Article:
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Mar 17, 2006, 6:16:56 PM3/17/06
The K7RA Solar Update

SEATTLE, WA, Mar 17, 2006--The recent news regarding
projections for a huge solar Cycle 24 brings in more mail daily. All
of us want to see lots of exciting space weather over the next
decade, but not everyone is convinced. While I wouldn't count him
among dissenters, Jon Jones, N0JK, sent in this article from a year
ago (several readers mentioned this) that predicts a very small
Cycle 24 and also claims to use a successful prediction method.
Read it and weep (or not).

Several people wrote this week to say they were enjoying the quiet
conditions. Without many sunspots, the maximum usable frequency
(MUF) is low, but there is less noise and absorption.

Mike Schatzberg, W2AJI, writes:

"The low solar activity seems to have produced some exceptional
conditions on 20 meters within the last week. The band has been
most reliable all day long here in western NC . . . Propagation is marked by
very low
atmospheric noise. Weaker stations are easily pulled out, provided QRM
permitting. I am
working great numbers of QRP stations, worldwide. Although we all are hoping for
the beginning
of the new cycle and greatly improved propagation, I do well remember the QRM
accompanies great propagation. Things don't really seem nearly so poor as in the
bottom of
other cycles which I have experienced. Maybe it's much better equipment and
antenna systems
than in years gone by."

I suspect Mike's better antenna system may help. Check out the 5-element 20
meter Yagi.

Mike also writes:

"Early morning contacts include strong European propagation, which continues
well into the
later afternoon. Signal reports of well over S9 are common, from both sides.
Propagation into
India, and Southeast Asia is quite good in the early morning times also. Regular
contact is found
with Jakarta, Indonesia, also. Later afternoon, the long path opens to the South
Pacific, with
unbelievable VK propagation. Yesterday's contacts, including VK3OK, VK2ZF and
many others,
produced reports of from 20 to 25 DB over S9 in both directions. The band goes
longer, short
path to the Pacific about 2 to 3 hours after dark. KH7F has his usual S9 signal
here at my
location. South America remains strong for most of the evening."

Orrin Brand, K9KEJ, is using a ground-mounted vertical antenna on 20 meters with
no radials.
He writes:

"Late mornings in the Chicago area have been rather unusual of late. I'm able to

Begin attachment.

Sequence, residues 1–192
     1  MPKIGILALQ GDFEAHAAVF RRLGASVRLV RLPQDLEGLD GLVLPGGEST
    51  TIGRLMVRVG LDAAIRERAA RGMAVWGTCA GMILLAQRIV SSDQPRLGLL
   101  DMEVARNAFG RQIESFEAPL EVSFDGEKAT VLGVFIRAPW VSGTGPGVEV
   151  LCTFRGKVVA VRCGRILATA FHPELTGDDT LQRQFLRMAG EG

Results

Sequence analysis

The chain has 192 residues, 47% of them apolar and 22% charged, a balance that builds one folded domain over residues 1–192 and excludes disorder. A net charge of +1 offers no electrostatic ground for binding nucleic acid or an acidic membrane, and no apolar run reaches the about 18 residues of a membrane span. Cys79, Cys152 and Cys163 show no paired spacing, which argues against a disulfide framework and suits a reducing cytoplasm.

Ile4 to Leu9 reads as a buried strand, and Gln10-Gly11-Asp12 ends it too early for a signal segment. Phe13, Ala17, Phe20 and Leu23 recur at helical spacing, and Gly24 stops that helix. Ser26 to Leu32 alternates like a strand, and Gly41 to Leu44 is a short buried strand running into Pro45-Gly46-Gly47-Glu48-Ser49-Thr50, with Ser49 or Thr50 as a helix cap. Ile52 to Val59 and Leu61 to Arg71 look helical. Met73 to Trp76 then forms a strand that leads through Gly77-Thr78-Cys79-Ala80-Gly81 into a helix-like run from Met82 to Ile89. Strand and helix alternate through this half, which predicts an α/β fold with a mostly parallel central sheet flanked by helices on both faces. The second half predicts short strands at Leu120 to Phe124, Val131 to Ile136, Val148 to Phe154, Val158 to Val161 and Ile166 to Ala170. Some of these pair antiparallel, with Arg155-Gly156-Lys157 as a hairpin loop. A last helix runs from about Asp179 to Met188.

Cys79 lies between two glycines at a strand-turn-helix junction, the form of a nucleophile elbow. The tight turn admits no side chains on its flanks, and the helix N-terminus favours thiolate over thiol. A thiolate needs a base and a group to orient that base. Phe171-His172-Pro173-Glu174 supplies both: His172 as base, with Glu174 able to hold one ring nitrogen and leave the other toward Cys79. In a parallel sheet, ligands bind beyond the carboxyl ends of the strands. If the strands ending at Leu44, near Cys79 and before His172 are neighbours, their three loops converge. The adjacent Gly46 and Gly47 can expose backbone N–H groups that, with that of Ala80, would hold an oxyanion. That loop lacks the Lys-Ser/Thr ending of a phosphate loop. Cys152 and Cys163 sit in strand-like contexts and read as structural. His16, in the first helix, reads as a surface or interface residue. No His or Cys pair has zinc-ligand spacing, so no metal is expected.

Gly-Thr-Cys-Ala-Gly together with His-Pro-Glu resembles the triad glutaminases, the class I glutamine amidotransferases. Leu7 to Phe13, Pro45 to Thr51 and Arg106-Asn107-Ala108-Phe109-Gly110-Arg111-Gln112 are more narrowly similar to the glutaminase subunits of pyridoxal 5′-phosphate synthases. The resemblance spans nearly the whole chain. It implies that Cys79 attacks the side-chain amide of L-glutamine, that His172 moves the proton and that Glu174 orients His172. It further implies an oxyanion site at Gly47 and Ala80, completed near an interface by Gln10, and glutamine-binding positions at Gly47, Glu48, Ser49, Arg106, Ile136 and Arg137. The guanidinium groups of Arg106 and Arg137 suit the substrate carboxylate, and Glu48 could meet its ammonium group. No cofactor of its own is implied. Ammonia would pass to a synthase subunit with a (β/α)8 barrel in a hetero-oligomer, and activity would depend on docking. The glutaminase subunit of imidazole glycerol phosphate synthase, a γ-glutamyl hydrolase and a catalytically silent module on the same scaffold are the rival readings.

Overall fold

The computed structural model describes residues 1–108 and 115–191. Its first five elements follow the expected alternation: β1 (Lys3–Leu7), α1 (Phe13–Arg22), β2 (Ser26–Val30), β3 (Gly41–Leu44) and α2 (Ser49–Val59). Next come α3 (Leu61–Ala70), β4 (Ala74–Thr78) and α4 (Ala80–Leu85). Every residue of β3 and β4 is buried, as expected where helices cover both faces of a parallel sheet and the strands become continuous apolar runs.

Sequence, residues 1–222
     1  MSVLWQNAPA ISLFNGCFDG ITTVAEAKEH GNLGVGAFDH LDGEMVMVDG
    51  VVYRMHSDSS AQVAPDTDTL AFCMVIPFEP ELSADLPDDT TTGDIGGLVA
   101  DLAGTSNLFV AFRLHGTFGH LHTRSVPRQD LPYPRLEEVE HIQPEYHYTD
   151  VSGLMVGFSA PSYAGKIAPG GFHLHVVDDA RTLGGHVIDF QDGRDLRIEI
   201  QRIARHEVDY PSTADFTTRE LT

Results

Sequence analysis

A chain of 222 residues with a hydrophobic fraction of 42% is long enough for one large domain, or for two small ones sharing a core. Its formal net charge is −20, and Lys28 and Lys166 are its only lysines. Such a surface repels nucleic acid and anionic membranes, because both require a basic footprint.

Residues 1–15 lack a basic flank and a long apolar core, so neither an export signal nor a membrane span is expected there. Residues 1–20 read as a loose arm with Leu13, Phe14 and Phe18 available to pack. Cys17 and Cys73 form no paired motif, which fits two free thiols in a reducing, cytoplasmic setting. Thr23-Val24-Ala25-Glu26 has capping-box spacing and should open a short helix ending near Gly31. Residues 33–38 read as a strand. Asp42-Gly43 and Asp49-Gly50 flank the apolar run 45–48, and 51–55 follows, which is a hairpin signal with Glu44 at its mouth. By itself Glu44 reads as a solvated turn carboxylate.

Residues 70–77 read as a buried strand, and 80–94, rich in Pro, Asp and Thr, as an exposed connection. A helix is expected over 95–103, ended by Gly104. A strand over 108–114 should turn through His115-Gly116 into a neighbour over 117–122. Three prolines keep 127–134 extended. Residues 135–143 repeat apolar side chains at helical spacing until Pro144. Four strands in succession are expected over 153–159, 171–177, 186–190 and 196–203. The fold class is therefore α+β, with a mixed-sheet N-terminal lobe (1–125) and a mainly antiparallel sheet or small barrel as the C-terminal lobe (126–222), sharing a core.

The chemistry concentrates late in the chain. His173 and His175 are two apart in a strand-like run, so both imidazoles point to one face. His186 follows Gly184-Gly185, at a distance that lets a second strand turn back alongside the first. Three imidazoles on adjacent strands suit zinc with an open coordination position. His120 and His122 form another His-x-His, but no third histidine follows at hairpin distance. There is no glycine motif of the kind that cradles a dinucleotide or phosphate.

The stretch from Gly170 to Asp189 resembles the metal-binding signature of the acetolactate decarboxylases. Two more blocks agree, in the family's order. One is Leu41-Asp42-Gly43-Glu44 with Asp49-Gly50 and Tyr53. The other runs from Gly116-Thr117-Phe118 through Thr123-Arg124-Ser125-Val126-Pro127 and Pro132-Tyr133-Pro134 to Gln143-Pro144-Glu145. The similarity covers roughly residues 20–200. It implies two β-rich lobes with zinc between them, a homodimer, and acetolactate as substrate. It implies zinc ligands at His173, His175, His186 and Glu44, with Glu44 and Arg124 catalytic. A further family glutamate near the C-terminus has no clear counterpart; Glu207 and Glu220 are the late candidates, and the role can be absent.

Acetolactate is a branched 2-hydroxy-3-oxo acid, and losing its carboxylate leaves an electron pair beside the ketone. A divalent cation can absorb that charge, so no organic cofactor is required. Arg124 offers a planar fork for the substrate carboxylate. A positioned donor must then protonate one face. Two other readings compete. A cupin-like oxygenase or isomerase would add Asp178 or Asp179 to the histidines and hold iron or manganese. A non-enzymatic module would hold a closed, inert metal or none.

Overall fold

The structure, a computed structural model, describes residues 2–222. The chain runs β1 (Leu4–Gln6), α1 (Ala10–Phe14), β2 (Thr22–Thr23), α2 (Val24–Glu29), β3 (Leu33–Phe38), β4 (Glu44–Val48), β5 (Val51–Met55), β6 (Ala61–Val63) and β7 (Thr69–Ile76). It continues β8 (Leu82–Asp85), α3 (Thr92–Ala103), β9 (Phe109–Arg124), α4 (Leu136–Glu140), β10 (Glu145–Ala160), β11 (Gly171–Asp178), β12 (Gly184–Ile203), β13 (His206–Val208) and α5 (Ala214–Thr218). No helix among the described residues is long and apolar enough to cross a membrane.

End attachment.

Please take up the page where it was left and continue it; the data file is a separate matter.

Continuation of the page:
hear and work
Africa, Eastern Europe and VK land, all in a matter of minutes on 20 meters.
European signals
run anywhere from S7 to 10/9, while east and West African stations run a solid
S9. The VKs and
ZLs go anywhere from S5 to S8--all on the vertical."

Average daily sunspot numbers and solar flux values were down just slightly this
week when
compared to last, and the geomagnetic indexes were up just a bit. We only saw
one day with
zero sunspots, and there weren't any really stormy days with high geomagnetic K
and A indices.

The prediction for the next few days is a solar flux value of 75, and, in fact,
that continues in
Thursday's prediction from the US Air Force for the next 45 days. The USAF also
Sunday, March 19, will be a day of geomagnetic activity, with a planetary A
index projected to
reach 20. The five-day projection for planetary A index from March 17-21 is 8,
8, 20, 15 and 12.
This slightly higher activity is based on what was occurring in the area of the
sun that will be
facing us this weekend, looking back to February 19-22 when the planetary A
index was 6, 20,
17 and 12.

This projection for geomagnetic activity seems shared this week by Geophysical
Prague, which projects quiet conditions for March 17, 22 and 23, quiet to
unsettled for March
18, unsettled for March 20 and 21, and unsettled to active on March 19.

For more information concerning propagation and an explanation of the numbers
used in this
bulletin see the ARRL Technical Information Service Propagation page. An archive
of past
bulletins is on the ARRL Web site.

Sunspot numbers for March 9 through 15 were 12, 12, 0, 18, 14, 34 and 22, with a
mean of 16.
10.7 cm flux was 72.9, 72.2, 74, 73.2, 72.6, 73.6, and 74.2, with a mean of
73.2. Estimated
planetary A indices were 4, 12, 12, 6, 3, 4 and 7, with a mean of 6.9. Estimated
mid-latitude A
indices were 3, 9, 9, 3, 2, 2 and 6, with a mean of 4.9.


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